Recently, there has been lots of media coverage highlighting Bitcoin mining, block chain technology, and the rise in value of certain cryptocurrencies. Consequently, the general public is realizing that – while volatility is inevitable – Bitcoin (BTC) and other types of virtual money offer the chance to become rich. Therefore, it is reasonable to ask why employers don’t pay their staff’s salaries in cryptocurrency. Here are four obstacles that make a mass adaptation of that process hard:
Check or Cash Payments are Mandatory Under Some Laws
The FLSA (Fair Labor Standards Act) is one of the major federal laws that relate to staff wages in America. This states that employers have to satisfy some of the minimum wage rules, by paying staff with checks or cash. At the moment, Bitcoin payments are not applicable, and this is also the case for overtime pay.
Cryptocurrencies Might be Classed as Securities
The SEC (Securities and Exchange Commission) made a statement recently about cryptocurrencies. This highlighted that cryptocurrency investments can rapidly move into other geographical territories, without the owner realizing — which increases the potential risk.
Moreover, the SEC might eventually decide that some cryptocurrencies should be classed as securities. Should this happen, employers would need to adhere to the extra laws for securities, as well as the salary-related laws mentioned previously.
Employers Might Feel Apprehensive
The large fluctuations in value linked to cryptocurrencies, like Bitcoin, might make employers reluctant to pay their staff via this unconventional method. Likewise, they may believe that not enough vendors accept Bitcoin payments yet, despite the growth in numbers.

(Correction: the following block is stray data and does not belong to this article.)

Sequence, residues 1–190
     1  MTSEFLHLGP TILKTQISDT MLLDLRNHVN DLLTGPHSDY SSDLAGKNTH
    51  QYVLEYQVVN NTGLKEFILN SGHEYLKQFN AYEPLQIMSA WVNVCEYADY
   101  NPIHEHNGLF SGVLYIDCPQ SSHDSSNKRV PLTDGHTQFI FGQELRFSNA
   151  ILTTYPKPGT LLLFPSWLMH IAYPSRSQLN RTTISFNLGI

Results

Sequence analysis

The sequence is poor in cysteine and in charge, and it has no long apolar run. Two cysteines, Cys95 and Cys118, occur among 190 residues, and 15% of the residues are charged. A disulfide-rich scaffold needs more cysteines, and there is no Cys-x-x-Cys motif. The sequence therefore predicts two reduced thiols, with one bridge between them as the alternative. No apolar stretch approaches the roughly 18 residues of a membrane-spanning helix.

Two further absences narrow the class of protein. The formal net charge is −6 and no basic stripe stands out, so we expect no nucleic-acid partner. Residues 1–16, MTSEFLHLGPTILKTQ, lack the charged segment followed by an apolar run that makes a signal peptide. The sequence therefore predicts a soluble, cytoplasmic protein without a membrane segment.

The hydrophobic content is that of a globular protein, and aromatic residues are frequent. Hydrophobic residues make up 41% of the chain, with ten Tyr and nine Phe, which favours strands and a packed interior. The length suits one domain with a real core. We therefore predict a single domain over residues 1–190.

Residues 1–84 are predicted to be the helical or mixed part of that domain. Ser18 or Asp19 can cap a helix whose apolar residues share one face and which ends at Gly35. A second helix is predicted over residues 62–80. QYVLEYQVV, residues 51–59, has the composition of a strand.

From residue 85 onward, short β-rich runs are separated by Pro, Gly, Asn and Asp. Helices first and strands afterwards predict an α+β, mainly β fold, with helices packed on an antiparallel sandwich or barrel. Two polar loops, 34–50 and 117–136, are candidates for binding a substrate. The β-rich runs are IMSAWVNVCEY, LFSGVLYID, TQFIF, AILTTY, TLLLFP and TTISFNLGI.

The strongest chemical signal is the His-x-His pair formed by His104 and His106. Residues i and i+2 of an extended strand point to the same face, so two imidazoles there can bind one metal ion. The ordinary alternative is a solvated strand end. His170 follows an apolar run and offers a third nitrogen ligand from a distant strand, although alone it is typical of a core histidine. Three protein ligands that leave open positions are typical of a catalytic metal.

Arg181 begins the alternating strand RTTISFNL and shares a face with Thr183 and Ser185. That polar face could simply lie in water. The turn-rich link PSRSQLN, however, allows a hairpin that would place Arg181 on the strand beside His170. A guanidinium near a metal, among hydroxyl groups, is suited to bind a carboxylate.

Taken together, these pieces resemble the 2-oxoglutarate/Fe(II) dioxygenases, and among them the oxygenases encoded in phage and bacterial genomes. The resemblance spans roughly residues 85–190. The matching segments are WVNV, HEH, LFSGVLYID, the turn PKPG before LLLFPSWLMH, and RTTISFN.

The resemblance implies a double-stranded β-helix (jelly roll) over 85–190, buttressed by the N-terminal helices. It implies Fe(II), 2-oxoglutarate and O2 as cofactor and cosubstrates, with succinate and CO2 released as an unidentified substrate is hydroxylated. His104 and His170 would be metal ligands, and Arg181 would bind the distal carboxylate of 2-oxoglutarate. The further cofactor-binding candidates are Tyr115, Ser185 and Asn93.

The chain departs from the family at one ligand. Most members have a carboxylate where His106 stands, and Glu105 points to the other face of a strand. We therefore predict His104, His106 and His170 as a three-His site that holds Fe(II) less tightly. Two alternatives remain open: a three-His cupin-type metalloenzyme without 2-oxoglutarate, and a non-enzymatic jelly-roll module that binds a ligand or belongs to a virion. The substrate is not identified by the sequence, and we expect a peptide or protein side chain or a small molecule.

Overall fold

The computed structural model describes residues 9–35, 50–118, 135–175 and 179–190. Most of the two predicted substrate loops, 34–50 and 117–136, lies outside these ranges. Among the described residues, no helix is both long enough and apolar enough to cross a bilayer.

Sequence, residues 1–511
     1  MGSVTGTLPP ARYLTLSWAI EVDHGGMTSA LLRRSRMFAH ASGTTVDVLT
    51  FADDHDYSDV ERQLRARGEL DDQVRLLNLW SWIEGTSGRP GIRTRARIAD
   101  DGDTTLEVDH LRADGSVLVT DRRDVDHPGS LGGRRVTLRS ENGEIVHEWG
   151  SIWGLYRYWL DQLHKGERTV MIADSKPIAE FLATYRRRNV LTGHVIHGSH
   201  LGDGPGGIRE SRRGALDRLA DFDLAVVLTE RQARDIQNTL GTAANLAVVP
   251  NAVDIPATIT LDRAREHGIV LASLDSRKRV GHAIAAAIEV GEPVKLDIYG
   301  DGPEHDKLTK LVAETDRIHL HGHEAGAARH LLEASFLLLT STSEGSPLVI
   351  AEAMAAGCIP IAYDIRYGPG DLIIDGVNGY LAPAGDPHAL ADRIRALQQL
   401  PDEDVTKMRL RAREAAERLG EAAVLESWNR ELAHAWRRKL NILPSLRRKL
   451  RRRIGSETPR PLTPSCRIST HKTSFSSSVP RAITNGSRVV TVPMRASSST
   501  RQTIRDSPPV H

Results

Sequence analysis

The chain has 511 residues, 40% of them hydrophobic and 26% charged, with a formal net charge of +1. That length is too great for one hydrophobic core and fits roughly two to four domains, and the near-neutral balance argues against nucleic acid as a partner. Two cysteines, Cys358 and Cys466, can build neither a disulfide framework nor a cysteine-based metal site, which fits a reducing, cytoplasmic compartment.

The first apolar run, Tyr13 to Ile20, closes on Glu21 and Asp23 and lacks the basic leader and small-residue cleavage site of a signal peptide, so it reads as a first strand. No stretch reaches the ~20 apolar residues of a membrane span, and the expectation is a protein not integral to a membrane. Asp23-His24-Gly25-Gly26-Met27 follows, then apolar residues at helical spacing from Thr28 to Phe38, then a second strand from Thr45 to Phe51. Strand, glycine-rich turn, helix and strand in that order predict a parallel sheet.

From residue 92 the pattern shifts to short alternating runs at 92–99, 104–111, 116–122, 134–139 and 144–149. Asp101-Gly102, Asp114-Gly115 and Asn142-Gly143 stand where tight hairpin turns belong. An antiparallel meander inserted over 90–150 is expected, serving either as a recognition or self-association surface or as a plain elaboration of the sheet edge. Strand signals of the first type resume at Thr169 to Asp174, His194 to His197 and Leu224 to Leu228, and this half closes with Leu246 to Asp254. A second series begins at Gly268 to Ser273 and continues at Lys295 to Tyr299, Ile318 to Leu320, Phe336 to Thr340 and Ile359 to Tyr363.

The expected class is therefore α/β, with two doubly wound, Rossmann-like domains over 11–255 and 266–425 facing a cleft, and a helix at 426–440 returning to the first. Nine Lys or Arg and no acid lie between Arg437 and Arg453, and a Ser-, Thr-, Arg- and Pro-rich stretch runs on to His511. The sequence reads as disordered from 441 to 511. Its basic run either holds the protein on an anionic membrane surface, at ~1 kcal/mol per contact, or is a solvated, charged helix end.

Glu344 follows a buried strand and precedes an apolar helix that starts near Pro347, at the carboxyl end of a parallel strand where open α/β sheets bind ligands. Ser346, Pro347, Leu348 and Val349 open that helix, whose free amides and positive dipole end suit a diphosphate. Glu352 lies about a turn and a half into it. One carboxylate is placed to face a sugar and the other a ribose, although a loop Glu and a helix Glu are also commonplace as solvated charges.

Each Country Has Different Tax Rules
For employers that frequently hire remote staff, who live in one country but pay tax in another, the various rules that different countries have, with regards to tax and cryptocurrencies, could delay the adaptation of this P2P payment method.
Firms with large numbers of international staff might believe that calculating the logistics is too time-consuming and difficult. In this situation, staff who have a Bitcoin wallet and want to pay in cryptocurrency, via a private key and digital signature, could volunteer to research the details then report this back to their bosses.
In Some Firms, Staff are Paid in Cryptocurrency
In spite of the above obstacles, some innovative firms do make cryptocurrency payments to their staff. Revealingly, none of these firms are in America, so not all of the points mentioned above will be applicable. Geographical variations aside though, if increasing numbers of firms worldwide decide that paying staff in cryptocurrencies makes sense, this might lead to other organizations following suit.
Firms that are in the cryptocurrency industry already may even ask staff, during the recruitment process, whether they will accept virtual currency payments.
If you want to explore the option of receiving cryptocurrency payments, it is vital to understand the volatility related to cryptocurrency values, and the fact that employers might not be conversant with digital payment methods. They may need you to do some research and offer guidance.